Fe/HY zeolite as an effective catalyst for levulinic acid production from glucose: Characterization and catalytic performanceby Nur Aainaa Syahirah Ramli, Nor Aishah Saidina Amin

Applied Catalysis B: Environmental

About

Year
2015
DOI
10.1016/j.apcatb.2014.08.031
Subject
Process Chemistry and Technology / Environmental Science (all) / Catalysis

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Accepted Manuscript

Title: Fe/HY zeolite as an effective catalyst for levulinic acid production from glucose: Characterization and catalytic performance

Author: Nur Aainaa Syahirah Ramli Nor Aishah Saidina

Amin

PII: S0926-3373(14)00509-8

DOI: http://dx.doi.org/doi:10.1016/j.apcatb.2014.08.031

Reference: APCATB 13525

To appear in: Applied Catalysis B: Environmental

Received date: 15-5-2014

Revised date: 22-7-2014

Accepted date: 19-8-2014

Please cite this article as: N.A.S. Ramli, N.A.S. Amin, Fe/HY zeolite as an effective catalyst for levulinic acid production from glucose: characterization and catalytic performance, Applied Catalysis B, Environmental (2014), http://dx.doi.org/10.1016/j.apcatb.2014.08.031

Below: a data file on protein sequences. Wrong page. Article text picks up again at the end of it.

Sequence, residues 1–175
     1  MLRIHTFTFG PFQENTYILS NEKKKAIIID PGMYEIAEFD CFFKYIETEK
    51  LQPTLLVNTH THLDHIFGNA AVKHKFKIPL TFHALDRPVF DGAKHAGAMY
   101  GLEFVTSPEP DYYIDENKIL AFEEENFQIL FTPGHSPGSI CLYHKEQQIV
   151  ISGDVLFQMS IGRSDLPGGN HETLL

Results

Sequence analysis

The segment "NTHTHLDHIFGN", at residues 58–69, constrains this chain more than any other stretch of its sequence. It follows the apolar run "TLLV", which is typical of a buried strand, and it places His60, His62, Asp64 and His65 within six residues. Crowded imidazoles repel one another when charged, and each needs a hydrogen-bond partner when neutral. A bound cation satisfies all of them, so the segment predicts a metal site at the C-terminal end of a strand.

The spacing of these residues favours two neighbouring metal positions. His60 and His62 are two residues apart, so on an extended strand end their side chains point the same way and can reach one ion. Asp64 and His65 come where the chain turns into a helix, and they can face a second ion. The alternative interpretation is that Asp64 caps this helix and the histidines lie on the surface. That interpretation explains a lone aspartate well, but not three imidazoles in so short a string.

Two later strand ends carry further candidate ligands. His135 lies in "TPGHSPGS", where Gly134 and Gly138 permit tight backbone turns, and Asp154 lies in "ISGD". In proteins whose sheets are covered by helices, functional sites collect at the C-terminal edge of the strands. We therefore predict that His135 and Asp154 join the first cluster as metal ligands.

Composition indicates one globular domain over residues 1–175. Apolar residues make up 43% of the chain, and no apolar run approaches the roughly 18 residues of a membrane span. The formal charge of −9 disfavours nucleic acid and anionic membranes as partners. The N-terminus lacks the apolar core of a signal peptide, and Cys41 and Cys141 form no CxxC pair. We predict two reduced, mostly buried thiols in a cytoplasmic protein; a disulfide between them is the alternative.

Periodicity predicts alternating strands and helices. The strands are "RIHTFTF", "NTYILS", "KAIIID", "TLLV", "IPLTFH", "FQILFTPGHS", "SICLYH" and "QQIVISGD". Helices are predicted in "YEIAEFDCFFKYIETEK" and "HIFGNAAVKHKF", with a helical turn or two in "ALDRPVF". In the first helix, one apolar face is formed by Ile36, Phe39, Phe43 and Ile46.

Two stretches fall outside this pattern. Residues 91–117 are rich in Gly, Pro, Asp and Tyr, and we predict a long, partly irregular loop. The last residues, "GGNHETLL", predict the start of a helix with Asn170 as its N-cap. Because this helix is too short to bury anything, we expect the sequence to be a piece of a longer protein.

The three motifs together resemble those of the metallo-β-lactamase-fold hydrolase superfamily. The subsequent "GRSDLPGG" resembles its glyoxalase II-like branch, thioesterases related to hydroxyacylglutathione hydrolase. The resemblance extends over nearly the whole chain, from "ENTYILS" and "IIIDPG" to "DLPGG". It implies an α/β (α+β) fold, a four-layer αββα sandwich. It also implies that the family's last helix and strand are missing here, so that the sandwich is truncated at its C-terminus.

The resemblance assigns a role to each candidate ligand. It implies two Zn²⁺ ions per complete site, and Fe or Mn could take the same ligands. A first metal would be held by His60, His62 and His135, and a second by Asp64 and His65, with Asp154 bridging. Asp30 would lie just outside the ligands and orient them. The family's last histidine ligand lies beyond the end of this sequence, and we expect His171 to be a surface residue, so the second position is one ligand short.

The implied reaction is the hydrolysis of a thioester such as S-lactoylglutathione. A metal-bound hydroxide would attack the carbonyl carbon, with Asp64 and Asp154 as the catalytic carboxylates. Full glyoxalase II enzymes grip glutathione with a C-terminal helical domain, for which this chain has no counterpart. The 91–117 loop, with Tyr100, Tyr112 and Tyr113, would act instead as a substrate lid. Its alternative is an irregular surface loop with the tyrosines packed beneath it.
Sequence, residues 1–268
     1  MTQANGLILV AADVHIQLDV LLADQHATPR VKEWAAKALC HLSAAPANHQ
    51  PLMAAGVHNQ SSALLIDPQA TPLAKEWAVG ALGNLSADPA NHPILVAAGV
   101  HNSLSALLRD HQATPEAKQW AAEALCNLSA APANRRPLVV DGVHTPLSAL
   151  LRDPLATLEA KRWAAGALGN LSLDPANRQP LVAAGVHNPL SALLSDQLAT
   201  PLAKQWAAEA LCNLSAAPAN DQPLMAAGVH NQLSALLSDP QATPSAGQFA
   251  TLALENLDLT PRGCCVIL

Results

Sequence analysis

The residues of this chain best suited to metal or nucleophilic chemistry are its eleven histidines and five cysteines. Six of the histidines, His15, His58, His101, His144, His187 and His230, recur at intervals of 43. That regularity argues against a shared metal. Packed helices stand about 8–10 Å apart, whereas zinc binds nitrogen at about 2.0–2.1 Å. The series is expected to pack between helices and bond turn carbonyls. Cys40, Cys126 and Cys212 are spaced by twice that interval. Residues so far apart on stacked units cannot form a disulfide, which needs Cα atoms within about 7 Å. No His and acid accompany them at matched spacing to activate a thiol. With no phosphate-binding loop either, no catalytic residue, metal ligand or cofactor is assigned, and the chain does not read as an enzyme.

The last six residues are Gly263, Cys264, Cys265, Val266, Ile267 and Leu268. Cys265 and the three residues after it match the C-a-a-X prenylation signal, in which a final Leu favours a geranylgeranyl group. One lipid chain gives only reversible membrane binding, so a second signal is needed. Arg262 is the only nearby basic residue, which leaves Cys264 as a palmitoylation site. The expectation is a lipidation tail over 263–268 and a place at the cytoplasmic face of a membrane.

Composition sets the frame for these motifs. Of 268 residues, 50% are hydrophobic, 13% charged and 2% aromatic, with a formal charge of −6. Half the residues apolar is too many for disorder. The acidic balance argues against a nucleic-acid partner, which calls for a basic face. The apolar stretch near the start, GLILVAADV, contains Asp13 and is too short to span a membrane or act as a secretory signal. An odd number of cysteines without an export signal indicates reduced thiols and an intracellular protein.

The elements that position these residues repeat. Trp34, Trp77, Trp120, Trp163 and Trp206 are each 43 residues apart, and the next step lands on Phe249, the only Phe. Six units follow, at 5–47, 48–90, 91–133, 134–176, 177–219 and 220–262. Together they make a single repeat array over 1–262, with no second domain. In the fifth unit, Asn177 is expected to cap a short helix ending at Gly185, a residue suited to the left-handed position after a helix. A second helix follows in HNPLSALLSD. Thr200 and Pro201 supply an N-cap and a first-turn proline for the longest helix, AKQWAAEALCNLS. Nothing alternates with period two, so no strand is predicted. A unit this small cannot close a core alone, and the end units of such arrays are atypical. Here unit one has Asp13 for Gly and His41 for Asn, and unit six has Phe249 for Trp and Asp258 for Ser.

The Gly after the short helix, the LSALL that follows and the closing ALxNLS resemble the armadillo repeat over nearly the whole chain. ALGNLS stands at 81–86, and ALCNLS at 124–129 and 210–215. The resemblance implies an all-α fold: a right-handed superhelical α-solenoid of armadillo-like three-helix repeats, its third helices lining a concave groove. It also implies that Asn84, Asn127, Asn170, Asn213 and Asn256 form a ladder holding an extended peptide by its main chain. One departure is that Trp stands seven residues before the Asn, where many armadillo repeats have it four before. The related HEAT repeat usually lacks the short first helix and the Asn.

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Ac ce pte d M an us cri pt

Fe/HY zeolite as an effective catalyst for levulinic acid production from glucose: characterization and catalytic performance

Nur Aainaa Syahirah Ramli, *Nor Aishah Saidina Amin

Chemical Reaction Engineering Group (CREG), Energy Research Alliance,

Faculty of Chemical Engineering, Universiti Teknologi Malaysia, 81310 UTM Johor, Johor Bahru, Malaysia *Corresponding author. Tel: +6075535579; Fax: +6075588166

Email address: *noraishah@cheme.utm.my

Highlights 1. Fe/HY catalyst were characterized and tested for glucose conversion to levulinic acid 2. Catalyst acidity and porosity influenced the catalyst activity 3. Significant findings were found for 10% Fe/HY catalyst with 62% levulinic acid yield 4. The reusability of Fe/HY zeolite catalyst was tested for five successive trials 5. Test for leaching indicated low Fe ions in the reaction product